Leave the stresses of everyday life behind by venturing to destinations that few could locate on a map and even fewer have been…

Rubondo Island, Tanzania

There are few places left in the world that haven’t been disturbed by human development, but on Tanzania’s ecologically rich Rubondo Island, animals are still most definitely in control. Along with nine other uninhabited islands on the lake, Rubondo forms part of Tanzania’s least visited national park.

Located on Lake Victoria, the largest tropical lake in the world and largest lake in Africa, the 237 sq km island became a haven for relocated chimpanzees, elephants and giraffes, thanks to a conservation project in the 1960s. They co-exist happily in this protected habitat with several species of monkey, mongoose and bushbuck.

Stay at Rubondo Island Camp, the only accommodation on the island. Its ten luxury lodges have spectacular views of the lake and guests can wander down to the fresh water beach – but you won’t want to risk a dip here as hippos and crocodiles inhabit the waters. Accompanied by a guide, you can head off on a game walk, looking for elephants and chimps by listening for calls and following tracks, or sit back and wait for one of the 200 bird species found here to settle on date palms or in marshlands. Rubondo has some of the best fishing in Tanzania, with the legendary Nile Perch weighing up to 100kg being the ultimate catch. Hire a boat from the camp or try your luck from the beach or off the rocks.

Rubondo is an ideal place to start or end an East African safari, and far more adventurous than run-of-the-mill Zanzibar and Mombasa.

Getting there: Rubondo Island is about an hour by boat or a short hop in a light aircraft from Mwanza, Tanzania’s second largest city.

Lofoten Islands, Norway

An idyllic island escape doesn’t have to be bathed in sunshine year round, particularly in the case of Norway’s Lofoten Islands.

Rearing up from the North Sea like jagged teeth, these mountainous landmasses off the northwest coast of the mainland are ideal for hiking from June to August, when the sun barely disappears behind the horizon.

But visit during winter to experience the true windswept beauty of this remote archipelago. Base yourself in Svolvær and rent a car to explore the seven main islands connected by bridges and tunnels. Drive to one of the many pebbly beaches where water is clear as glass and colonies of birds congregate on the rocks.

As polar nights draw in, days are bookended by sherbet pink skies and the possibility of witnessing the Northern Lights increases.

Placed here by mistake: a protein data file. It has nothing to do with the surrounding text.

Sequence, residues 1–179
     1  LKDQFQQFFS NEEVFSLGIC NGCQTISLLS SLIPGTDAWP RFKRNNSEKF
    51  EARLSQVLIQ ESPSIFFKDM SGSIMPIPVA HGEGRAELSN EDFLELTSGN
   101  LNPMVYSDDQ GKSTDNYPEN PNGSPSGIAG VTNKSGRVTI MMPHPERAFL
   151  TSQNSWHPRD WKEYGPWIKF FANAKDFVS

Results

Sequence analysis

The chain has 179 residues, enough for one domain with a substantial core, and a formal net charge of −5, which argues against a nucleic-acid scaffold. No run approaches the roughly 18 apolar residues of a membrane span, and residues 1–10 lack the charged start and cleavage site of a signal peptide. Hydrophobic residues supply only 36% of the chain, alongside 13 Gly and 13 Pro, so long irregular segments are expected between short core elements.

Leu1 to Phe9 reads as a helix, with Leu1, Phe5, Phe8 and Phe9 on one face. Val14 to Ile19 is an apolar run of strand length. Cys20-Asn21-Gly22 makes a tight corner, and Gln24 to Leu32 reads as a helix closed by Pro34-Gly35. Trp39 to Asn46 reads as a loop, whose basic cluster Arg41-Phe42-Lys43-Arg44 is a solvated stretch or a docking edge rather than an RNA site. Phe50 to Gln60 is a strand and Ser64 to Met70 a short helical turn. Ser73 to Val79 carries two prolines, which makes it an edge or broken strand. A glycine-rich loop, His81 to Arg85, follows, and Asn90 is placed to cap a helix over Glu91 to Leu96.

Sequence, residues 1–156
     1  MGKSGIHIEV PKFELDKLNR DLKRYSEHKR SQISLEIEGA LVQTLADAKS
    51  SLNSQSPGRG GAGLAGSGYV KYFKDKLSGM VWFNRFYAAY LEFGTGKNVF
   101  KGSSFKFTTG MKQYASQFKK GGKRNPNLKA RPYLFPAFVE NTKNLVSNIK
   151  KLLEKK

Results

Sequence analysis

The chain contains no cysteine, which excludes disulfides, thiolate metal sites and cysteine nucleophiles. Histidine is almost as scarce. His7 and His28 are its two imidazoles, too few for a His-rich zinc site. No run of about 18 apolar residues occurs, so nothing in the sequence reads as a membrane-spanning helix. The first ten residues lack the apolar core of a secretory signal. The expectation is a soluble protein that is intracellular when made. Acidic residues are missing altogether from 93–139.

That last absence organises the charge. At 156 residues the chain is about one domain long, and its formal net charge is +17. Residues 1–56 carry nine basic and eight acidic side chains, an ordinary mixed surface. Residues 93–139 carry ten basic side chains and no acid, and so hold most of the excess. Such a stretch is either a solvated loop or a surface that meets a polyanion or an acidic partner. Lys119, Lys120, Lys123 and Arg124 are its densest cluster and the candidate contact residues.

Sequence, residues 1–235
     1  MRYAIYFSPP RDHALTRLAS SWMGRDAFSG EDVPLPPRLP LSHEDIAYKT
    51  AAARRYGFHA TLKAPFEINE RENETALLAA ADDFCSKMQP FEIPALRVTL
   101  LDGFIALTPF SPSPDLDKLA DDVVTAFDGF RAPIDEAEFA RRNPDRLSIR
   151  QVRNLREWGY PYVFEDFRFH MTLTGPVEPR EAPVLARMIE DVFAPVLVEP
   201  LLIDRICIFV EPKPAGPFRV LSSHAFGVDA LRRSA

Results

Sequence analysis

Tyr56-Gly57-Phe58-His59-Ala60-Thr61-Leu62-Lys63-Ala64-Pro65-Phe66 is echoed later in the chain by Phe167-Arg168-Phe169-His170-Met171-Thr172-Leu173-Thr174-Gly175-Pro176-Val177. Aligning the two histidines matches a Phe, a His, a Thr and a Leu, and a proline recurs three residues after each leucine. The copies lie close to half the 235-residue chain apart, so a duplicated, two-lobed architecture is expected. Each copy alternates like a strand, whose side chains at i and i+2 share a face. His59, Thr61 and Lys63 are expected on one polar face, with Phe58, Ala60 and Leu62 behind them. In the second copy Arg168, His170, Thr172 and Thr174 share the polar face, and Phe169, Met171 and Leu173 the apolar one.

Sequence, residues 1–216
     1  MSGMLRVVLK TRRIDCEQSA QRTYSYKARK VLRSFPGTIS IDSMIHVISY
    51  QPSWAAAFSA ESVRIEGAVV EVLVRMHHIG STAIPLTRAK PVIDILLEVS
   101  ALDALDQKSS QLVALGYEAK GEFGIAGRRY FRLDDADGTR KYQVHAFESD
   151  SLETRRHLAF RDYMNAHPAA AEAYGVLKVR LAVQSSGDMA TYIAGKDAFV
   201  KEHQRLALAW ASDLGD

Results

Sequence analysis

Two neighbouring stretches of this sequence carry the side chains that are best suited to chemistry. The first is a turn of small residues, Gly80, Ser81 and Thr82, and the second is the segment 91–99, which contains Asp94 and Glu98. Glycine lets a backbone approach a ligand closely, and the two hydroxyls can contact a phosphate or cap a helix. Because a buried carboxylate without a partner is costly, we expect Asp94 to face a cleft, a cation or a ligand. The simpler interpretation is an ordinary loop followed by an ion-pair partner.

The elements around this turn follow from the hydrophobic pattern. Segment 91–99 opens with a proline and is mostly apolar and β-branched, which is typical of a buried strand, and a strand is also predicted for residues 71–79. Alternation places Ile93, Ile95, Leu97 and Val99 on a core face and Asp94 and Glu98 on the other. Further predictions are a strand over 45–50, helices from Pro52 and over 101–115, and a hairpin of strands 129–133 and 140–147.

For hundreds of years, cod fishing has provided the main form of industry and every February, fish are still draped over large triangular trellises to dry in the sun.

Getting there: There are daily flights from Oslo to the airports in Lofoten. But if you’re looking for a more leisurely travel experience, you can take the train from Oslo (22 hours) or a coastal steamer from Bergen. If you fancy topping and tailing your visit with a night in the Norwegian capital, the chic, centrally-located Thon Hotel Rosenkrantz is an ideal base.

Boipeba, Brazil

Coconut-strewn beaches with hammocks strung between palm trees may sound like the stuff of travel brochures, but there’s nothing commercial about the island of Boipeba in Bahia, northwest Brazil.

Even arriving here is an adventure; pick up a local speedboat taxi from the village of Torrinhas in northwest state Bahia and roar through mangrove-lined waterways eventually disembarking in warm, shallow water and splashing your way up the sandy beach. Alternatively, you can take a tractor across sandbanks from neighbouring island Morro de São Paulo.

At low tide, the reefs, which ring the island, form natural pools creating shallow baths for paddling, and turtles have often been known to visit this area. If you’re feeling energetic, though, swim to one of the island’s many floating oyster bars, where shellfish is sold from a wooden pontoon.

On land, there are numerous trails to follow through the Atlantic Forest, where hummingbirds dart between hibiscus flowers and primates squabble in the treetops.

Stay at one of the island’s simple, charming pousadas: the Pousada Santa Clara has a great outdoor restaurant and the Pousada A Mangueira has a pool and stunning clifftop views.

Until the mid-1980s, Boipeba had no mail delivery, phone service or electricity, and even now, residents do their best to avoid the outside world.

Everything closes at 9pm, and the only night-time illumination you’re likely to find is the starry sky overhead.

Getting there: The nearest city is Salvador, 150km north of Boipeba. From there you can take a small plane to the neighbouring island of Tinharé and make the short river crossing by speedboat. You can also make the journey from Salvador by ferry or catamaran.

Looking for more off-the-beaten track destinations? Find more inspiration here.

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